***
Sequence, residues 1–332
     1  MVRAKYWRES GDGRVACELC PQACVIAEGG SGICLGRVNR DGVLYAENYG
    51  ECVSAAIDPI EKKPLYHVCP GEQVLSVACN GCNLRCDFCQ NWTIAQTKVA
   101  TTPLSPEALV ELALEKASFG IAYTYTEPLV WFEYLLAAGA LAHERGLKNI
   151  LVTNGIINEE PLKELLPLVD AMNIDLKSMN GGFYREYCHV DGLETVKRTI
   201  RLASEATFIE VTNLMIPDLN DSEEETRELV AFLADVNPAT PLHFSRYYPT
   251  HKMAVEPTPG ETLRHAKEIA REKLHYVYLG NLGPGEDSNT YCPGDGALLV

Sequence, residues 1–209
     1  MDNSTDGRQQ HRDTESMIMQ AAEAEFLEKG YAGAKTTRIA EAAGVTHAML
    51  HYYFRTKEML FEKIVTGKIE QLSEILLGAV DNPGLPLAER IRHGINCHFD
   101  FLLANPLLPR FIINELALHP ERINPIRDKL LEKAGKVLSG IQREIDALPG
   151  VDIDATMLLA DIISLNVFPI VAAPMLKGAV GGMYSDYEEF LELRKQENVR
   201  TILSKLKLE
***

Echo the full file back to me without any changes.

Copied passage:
Sequence, residues 1–332
     1  MVRAKYWRES GDGRVACELC PQACVIAEGG SGICLGRVNR DGVLYAENYG
    51  ECVSAAIDPI EKKPLYHVCP GEQVLSVACN GCNLRCDFCQ NWTIAQTKVA
   101  TTPLSPEALV ELALEKASFG IAYTYTEPLV WFEYLLAAGA LAHERGLKNI
   151  LVTNGIINEE PLKELLPLVD AMNIDLKSMN GGFYREYCHV DGLETVKRTI
   201  RLASEATFIE VTNLMIPDLN DSEEETRELV AFLADVNPAT PLHFSRYYPT
   251  HKMAVEPTPG ETLRHAKEIA REKLHYVYLG NLGPGEDSNT YCPGDGALLV

Sequence, residues 1–209
     1  MDNSTDGRQQ HRDTESMIMQ AAEAEFLEKG YAGAKTTRIA EAAGVTHAML
    51  HYYFRTKEML FEKIVTGKIE QLSEILLGAV DNPGLPLAER IRHGINCHFD
   101  FLLANPLLPR FIINELALHP ERINPIRDKL LEKAGKVLSG IQREIDALPG
   151  VDIDATMLLA DIISLNVFPI VAAPMLKGAV GGMYSDYEEF LELRKQENVR
   201  TILSKLKLE